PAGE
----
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What did I have to learn after the political transformation of 1989?en

Jochen Schmidt © Tim Jockel
Jochen Schmidt © Tim Jockel
Jochen Schmidt
Freelance writer, Berlin

That you could also order a steak “medium”.

My new five-figure postcode.

The colour spectrum of rubbish bins.

To eat a doner kebab with one hand while riding a bicycle.

When watching TV, to develop a sense of when the advertising was over so as to switch back to the film at precisely the right moment.

The New Year’s Eve fireworks were not allowed to be so loud, motor scooters were not allowed to be so fast. Was the mustard still as hot as it used to be? At any rate, the magnets were much stronger.

Boxers no longer wore shirts when they were boxing.

The doors of the S-Bahn could no longer be pulled open; you had to push a button that sometimes did not work. Ticket inspectors sometimes looked like homeless people.

Currywurst could also be served in little slices. Just like bread could be bought pre-sliced.

In aeroplanes, not everyone got their own parachute.

You were now allowed to call the Wall “the Wall”, you were also allowed to say “Russian”, and Frederick II was now once again called Frederick the Great. But they called Bertolt Brecht “Bert” Brecht.

Because gardeners planted juniper and other conifers, pear trellis rust spread and there were no longer any good pears.

Because everyone got their own telephone, you did not have to visit people at home anymore.

In front of the theatres, mobile vendors offered cheese and ham baguettes in large baskets in the break.

Pupils were not allowed to be distracted by their new, brightly-coloured pencil cases. The teachers taught them how to recognise counterfeit money and how not to become a drug addict.

In the newspaper there were no more party conference speeches, but share prices in small print.

Jeans’ sizes were shown by W for “width” and L for “length”.

A good pizza was always a bit bigger than the plate.

In West Berlin there was no tram, but there was a motorway that went right through the residential areas.

There were now two buttons to flush the toilet, a large one and a small one. People who pressed the large one probably also voted for the CDU. With soap dispensers, sometimes you had to pull a lever, sometimes you had to press it and sometimes you had to bend a bit of soft plastic tubing to make the liquid soap drip out. But you never knew exactly where the soap was coming out, and during the first few years a lot of it went down the drain.

Kindergarten children wore bright neon-coloured vests at the playground. The mothers often looked like grandmothers and the grandmothers like mothers.

Everyone used metal sponges for washing up, and you got yourself a garlic press. There were also peaches without the unpleasant peach skin - they were called nectarines. Frozen spinach was already divided into practical small cubes in the pack, and rubbish was put into special bags.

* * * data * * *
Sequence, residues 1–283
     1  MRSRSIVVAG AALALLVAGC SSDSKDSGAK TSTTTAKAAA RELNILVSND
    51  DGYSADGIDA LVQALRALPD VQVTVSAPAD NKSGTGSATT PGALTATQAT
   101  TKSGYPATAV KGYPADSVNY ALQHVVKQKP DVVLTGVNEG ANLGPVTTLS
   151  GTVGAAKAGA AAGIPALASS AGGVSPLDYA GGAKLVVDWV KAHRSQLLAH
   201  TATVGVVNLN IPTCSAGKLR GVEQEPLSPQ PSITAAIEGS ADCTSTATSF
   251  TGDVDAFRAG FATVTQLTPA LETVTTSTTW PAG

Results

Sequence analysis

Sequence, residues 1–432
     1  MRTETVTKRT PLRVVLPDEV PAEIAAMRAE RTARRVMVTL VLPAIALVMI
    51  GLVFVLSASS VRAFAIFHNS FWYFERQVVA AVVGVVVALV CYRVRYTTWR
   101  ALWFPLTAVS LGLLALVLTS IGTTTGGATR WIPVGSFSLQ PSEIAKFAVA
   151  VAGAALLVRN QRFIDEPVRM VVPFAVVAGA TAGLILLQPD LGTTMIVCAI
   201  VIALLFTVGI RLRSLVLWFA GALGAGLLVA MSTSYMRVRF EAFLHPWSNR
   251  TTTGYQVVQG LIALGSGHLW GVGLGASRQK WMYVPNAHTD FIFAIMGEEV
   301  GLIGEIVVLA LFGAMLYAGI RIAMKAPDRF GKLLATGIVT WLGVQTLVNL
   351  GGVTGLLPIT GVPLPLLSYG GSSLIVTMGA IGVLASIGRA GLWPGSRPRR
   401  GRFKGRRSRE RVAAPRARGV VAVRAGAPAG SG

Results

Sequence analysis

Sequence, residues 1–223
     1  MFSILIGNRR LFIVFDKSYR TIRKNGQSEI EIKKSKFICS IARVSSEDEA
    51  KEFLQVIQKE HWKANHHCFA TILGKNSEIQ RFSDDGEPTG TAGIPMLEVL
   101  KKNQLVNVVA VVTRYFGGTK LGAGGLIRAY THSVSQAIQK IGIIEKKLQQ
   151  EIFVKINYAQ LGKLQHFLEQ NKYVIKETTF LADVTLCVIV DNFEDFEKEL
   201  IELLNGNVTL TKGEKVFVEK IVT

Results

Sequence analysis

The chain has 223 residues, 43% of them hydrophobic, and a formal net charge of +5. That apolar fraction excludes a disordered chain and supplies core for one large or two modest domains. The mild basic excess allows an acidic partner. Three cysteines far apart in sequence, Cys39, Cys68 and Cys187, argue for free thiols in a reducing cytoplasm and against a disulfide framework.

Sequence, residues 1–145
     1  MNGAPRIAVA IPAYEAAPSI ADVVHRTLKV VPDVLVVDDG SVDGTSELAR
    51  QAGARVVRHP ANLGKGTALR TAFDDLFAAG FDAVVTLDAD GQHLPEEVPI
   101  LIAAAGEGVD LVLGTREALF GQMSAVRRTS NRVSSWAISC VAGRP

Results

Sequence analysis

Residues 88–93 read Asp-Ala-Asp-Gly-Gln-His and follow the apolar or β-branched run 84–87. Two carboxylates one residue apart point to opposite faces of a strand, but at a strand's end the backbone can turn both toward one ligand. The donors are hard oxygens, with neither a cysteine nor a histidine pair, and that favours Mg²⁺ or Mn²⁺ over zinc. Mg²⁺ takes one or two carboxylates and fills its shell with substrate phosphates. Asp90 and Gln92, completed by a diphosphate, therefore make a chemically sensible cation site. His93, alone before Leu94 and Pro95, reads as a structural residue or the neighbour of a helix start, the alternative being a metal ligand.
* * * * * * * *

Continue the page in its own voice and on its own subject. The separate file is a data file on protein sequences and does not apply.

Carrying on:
Our parents were now using wide breakfast knives to cut bread rolls, but they did not taste good anymore. Most bakeries closed down; only larger chains were left, where hair was allegedly used as a baking ingredient.

When you made a phone call, you had to press the hash key ever more frequently at the end.

You could not take your bike into the first carriage.

On most pavements in East Berlin, a sign saying “Damaged pavement” appeared so that no one who tripped over could sue the city.

If yoghurt did not taste of anything, you had to look down to see whether there was any fruit on the floor. If so, it was yoghurt with toppings to add yourself. Vanilla yoghurt was now yellow because that was the usual colour for vanilla.

In the mornings it was not worth going to the door when the doorbell rang because it was usually advertising.

It was important to go the dentist once a year and to have your visit confirmed with a stamp because otherwise dentures would be too expensive. All amalgam fillings were removed from your permanent teeth.

It was not easy to take a CD out of its cover using your pointer finger, middle finger and thumb without damaging it. The reason why CDs were invented, i.e. because records got scratched, was also true of CDs.

The next thing you had to learn was how to open a bottle of Vicks Medinite syrup.

In the West, they said “Oppa” instead of “Opa” for Granddad, “Tschüühüüss” instead of “Tschüss” for bye-bye and “Balkohn” instead of “Balkong” for veranda. They said “with mineral water” instead of “with carbon dioxide”, and they ordered “a water” instead of “water”. And they were always drinking water. When they spread themselves a slice of bread, they called it ein Brot instead of eine Stulle . “Willst du noch ein Brot?” (in the author’s language use, this means “Would you like another loaf of bread?”) What that meant was “Willst du noch eine Stulle?” (Would you like another slice of bread?) You could not manage a whole loaf of bread by yourself.